West of Here is pretty simple: It's the story of the people who inhabit the small fictional town of Port Bonita, Washington. Two dueling story lines from two different times (1890 and 2006) chronicle the fortunes of the folks in the tiny burg located on the northern coast of Washington's Olympic Peninsula.
But when you really dig into the underbrush, you discover an incredibly inventive story that churns along at a deceptively quick pace. Having told you that, it may seem hard to believe that the centerpiece, as well as the central symbol, of the story is a dam. Yep, a dam. But it works, because the dam is really only the unifying force of the various themes of the story. This is a character-driven novel, and these characters are a lot of fun to "watch."
Ethan Thornburgh built the dam in 1890, hoping it'll be the key to putting Port Bonita on the map. Now, Ethan's great-grandson, Jared runs the last remaining processing plant of the town's dying fish industry, bemoaning what he perceives to be his inescapable past. "...he forever lived in the shadow of this obsolete dam, his fortune linked inextricably to its hulking existence, its legacy of ecological menace...Such were the trappings of history."
The dam is a symbol both of progress, as well as attachment to a flawed past. Exploring that idea of the past's link to the present is what drives this story. That in itself is less original than some of the ways Evison chooses to tell the story, sprinkling in a little Native American mysticism, providing a hugely diverse cast of characters, and shifting perspectives among them to keep the story fresh.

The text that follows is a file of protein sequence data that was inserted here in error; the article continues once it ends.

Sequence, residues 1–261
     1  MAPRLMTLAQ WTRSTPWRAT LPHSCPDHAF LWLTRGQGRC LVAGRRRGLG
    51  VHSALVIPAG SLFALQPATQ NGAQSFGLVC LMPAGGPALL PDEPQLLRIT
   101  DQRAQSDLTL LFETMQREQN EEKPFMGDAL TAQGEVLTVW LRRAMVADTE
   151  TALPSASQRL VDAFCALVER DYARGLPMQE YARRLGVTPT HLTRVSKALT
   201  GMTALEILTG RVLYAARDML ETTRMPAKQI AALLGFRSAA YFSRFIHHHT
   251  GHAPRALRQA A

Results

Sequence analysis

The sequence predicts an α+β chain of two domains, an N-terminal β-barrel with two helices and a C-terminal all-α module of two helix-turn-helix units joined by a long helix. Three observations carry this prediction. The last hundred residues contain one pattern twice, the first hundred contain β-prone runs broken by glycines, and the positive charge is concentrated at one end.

Like Ethan and Jared, each of the novel's character from the 1890s story has a sort of counterpart in the 2006 story. In addition to the past-present link, this also gives Evison fertile ground for examining another main thrust of the story: the age-old nature vs. nurture question — or, as one character asks, "Do you think people are born a certain way? Or do you think people are made?"
West of Here is far from a perfect novel — for instance, there's a scene told from the perspective of a mule about to be shot, which is just silly. And some of the parts in which characters are exploring the peninsula start to sound repetitive — but I really enjoyed it. What you have here is a touch of David Mitchell (in terms of story originality and fluid prose), a sprig or two of David Guterson (in terms of writing about the natural wonders of the Pacific Northwest), and a pinch of Richard Russo (in terms of vivid, empathetic writing about small-bust-town life). Give it a try if you're a fan of any of those three novelists, or if you like the dueling past-present storytelling strategy, or if you simply like an original story that explores some common themes in new ways.